Catastrophic events require a coordinated response among various state, local, and federal agencies. It is important to have an established chain of command in place and framework for response such as the Incident Command System (ICS) developed in California in the 1970s. The events of September 11 pointed out a number of weak links in the institutional coordination structure in both New York City and Washington, D.C. It is important that this serves as a wake up call to regions across the country to better integrate safety, health, and transportation agencies into a coordinated response plan.
The Baltimore event showed the need to ensure that those response plans incorporate private industry. Private carriers transport the overwhelming majority of the freight shipped throughout the country on rail, water, and roadway. It is important to include these major shippers in designing response and communications plans.
Communications has both a personal and technical aspect to it. It is important for decisions made by officials to be clearly and quickly disseminated within an agency and to the general public. The press plays a crucial role in this dissemination of information as shown in each of these four case studies. One area of communications failure that occurred in each of the four cases involved working with a technology that failed at crucial times. In California, landline telephones were knocked out by the earthquake and cell phones failed to work in the canyons north of the city. In New York City and Washington, communications networks were overwhelmed by demand and the failure of interoperability among emergency responders hampered relief efforts.
Technology can play a crucial supporting role in aiding transportation decision-makers. It can help agency personnel make better-informed decisions as events unfold. It allows agencies to better coordinate responses with other agencies. And it allows agencies to distribute real-time information to people so that they can make individual decisions on when and how to travel. A prime example of this is the IRVN network that allows 13 transportation control centers within the New York region to share live video feeds among the member agencies and the public to view video feeds of major transportation nodes to aid in individual decision-making.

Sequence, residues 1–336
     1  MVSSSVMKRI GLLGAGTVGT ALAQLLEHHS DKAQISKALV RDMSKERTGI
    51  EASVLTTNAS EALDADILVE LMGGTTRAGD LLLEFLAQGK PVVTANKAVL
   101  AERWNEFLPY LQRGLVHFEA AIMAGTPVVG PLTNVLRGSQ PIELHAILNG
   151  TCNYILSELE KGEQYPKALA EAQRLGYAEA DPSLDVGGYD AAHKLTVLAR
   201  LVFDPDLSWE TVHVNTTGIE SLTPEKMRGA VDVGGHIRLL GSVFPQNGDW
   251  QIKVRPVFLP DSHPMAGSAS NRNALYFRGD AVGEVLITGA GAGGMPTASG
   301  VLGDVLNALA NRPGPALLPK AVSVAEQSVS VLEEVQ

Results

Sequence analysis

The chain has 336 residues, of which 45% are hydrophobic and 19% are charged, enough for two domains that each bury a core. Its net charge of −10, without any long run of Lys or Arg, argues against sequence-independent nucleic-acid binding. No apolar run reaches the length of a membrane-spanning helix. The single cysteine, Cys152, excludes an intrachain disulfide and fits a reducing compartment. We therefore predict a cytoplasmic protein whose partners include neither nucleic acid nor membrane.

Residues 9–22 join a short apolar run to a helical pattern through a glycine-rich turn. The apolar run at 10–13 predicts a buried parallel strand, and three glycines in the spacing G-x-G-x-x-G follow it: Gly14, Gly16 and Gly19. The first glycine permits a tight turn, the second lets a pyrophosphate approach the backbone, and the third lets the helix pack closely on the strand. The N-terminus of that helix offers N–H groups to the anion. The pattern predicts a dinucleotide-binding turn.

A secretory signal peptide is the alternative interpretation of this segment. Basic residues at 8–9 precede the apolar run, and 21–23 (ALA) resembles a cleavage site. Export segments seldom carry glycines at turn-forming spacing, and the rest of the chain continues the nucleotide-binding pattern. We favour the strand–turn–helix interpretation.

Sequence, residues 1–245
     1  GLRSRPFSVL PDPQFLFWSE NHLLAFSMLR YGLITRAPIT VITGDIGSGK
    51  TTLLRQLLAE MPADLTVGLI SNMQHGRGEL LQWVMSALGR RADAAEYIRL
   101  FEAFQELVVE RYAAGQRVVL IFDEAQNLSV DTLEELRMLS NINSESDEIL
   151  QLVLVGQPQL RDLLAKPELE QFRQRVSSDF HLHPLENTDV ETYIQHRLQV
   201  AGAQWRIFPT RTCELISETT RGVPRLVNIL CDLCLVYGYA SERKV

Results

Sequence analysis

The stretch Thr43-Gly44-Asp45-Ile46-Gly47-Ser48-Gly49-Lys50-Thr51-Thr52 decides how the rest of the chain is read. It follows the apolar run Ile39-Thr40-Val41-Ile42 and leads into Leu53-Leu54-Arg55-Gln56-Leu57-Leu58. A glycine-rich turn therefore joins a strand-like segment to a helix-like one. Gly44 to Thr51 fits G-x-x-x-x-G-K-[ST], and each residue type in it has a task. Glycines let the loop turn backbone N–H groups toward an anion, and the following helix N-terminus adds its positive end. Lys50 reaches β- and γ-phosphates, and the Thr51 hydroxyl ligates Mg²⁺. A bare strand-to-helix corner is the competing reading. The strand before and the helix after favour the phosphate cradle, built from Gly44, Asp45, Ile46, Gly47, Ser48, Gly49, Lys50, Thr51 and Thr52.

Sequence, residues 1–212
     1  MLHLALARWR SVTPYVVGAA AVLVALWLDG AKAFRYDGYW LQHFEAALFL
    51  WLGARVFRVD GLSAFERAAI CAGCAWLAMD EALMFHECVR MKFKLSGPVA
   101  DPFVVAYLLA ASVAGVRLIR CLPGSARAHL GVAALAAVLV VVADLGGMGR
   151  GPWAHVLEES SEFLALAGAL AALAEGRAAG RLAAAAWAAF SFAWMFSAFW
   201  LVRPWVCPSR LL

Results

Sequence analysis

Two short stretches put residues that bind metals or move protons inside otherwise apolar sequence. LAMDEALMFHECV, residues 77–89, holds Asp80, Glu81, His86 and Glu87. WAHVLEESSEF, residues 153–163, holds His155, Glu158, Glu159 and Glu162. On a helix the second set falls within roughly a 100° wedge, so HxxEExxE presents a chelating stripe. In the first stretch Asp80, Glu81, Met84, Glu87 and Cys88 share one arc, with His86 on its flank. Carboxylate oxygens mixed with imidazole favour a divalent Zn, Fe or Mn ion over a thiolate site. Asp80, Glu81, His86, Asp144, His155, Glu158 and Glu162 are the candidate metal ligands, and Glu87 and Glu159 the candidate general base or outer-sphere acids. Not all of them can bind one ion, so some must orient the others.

Redundancy within the system allows for parts to be disabled and the whole to still function. The four case studies pointed out the need for redundancy in the regional transportation network, in personnel, in communications technology, in utilities and in control centers.
Building redundancy into a system costs money. Money that at times can be seen as an inefficient use of resources, until it is called upon in an emergency. There is a need to educate the public and policy makers that expenditures to ensure redundancy are worthwhile and even necessary in preparing for emergency response (U.S. Department of Transportation, 2003).
Title: Small-Scale Terrorist Attacks Using Chemical And Biological Agents
Date: May 20, 2004
Source: CRS Report for Congress
Abtract: This report addresses the potential terrorist use of C/B agents, including toxins. The focus of this report is on small-scale, targeted chemical and biological attacks. In this framework, manufacture and dissemination of modest amounts of material, able to cause significant casualties in a building, subway station or other enclosed space, rather than on a citywide scale, are discussed.